Wednesday, October 2, 2013

The Classics Club #5: The Island Stallion

The Island Stallion (The Black Stallion, #4)Rating: 6 out of 10

On a remote Caribbean island, young Steve Duncan comes face to face with a fiery red stallion. Steve names the horse Flame and works to gain the untamed giant's trust. But fearsome obstacles arise that test Steve's strength and determination. . .and put Flame's life in grave danger! (A Yearling Book, by Random House Publishing)

C.S. Lewis once said that a children's book which could only be enjoyed by children was no good children's book. I fully agree with that--and, unfortunately, it's exemplified in the fourth book in Walter Farley's The Black Stallion series: The Island Stallion.

Does this ring any bells? If you've read Farley's first and most famous book, The Black Stallion, you know that spoilers the Drake wrecked in a storm and the Black, the huge black stallion sold by thieves from Arabia, drags Alec Ramsay to safety on an island somewhere near South America.  Likewise, Steve Duncan, just as unrealistically horse-obsessed and shockingly impulsive as Alec, goes to Azul Island off the coast of Antago with his friend Pitch to see the horses on the island and maybe help Pitch with some archaeological digging. There he meets Flame--and, like the above  synopsis says, tames the red horse, simultaneously fearing the clash of Flame and a hideously strong piebald stallion.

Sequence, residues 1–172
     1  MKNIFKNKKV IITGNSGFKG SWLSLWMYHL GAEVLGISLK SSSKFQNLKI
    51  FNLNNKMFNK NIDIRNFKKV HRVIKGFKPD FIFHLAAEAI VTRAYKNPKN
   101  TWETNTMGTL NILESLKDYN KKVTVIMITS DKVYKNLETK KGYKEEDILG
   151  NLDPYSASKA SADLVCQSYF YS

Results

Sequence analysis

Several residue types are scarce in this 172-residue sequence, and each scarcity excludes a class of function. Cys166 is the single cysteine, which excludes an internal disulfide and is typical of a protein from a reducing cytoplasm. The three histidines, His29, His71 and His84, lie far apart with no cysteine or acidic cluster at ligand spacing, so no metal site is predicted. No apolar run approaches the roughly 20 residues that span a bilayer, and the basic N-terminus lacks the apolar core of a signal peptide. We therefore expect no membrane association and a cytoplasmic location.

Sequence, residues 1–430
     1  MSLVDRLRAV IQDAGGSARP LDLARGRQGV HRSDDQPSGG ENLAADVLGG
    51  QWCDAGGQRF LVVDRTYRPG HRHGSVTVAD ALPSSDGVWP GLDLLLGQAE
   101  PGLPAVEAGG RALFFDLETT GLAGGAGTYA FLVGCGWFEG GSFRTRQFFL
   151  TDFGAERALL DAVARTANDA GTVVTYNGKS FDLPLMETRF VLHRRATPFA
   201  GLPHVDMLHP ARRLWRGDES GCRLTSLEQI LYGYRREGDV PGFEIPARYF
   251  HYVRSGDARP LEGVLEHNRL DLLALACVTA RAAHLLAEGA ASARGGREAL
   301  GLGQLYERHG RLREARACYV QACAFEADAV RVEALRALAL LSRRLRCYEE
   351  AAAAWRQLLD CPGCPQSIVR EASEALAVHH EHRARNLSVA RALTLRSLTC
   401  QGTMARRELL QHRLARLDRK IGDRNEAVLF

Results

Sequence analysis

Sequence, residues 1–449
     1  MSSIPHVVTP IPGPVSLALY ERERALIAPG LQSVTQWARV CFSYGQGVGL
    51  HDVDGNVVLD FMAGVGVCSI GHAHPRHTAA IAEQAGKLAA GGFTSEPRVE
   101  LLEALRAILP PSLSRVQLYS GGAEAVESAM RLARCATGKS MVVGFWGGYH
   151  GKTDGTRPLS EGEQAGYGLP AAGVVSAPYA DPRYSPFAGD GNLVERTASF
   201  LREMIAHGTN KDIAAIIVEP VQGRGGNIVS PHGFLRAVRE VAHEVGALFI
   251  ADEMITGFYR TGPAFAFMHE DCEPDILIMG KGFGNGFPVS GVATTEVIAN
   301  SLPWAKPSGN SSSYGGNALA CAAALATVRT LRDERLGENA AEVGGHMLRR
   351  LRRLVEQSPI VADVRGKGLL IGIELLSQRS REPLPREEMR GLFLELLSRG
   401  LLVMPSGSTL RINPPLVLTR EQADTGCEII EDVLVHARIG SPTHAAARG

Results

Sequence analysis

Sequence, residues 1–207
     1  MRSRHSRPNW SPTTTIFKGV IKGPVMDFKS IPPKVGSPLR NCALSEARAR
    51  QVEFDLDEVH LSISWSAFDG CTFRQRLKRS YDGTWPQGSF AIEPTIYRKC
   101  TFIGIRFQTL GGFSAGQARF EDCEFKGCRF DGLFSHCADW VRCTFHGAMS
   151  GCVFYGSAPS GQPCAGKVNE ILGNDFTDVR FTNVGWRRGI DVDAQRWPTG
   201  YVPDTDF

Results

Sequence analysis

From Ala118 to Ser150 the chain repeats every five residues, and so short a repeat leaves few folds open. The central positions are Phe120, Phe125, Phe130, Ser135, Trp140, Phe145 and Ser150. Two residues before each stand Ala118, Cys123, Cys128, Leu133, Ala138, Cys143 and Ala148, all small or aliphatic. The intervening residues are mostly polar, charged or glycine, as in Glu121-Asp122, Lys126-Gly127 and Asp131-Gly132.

The plot comes across as rather shallow--children's books usually are--but, in comparison to one of the most famous of children's books, The Lion, The Witch, and The Wardrobe by C.S. Lewis, this one falls drastically short. I still find it interesting, but Steve Duncan and Alec Ramsay are just too similar, some of the mannerisms of these characters are irritating, and the over-dramatizing of the savageness and speed and brilliance of this stallion makes the book that much weaker. If you're a die-hard classics fan, under thirteen, or really, really like horses, this is the book for you--otherwise, you probably will waste your time reading it.


  1. I read most of these books when I was younger, and I don't remember most of the details, I do remember enjoying them a lot... I was a little horse crazy. ;)
    Great review, Hannah!

    1. Yeah, I was too, definitely! They are still pretty interesting, but they sort of fall flat after a while. . .like the Hardy Boys books, you know :)

    2. I know... The Hardy Boys books were my favorites for years... and then I realized that all the author did was write the same story over and over but use different names. ;)

    3. Yep, pretty much! It's not very fun when authors do that :P


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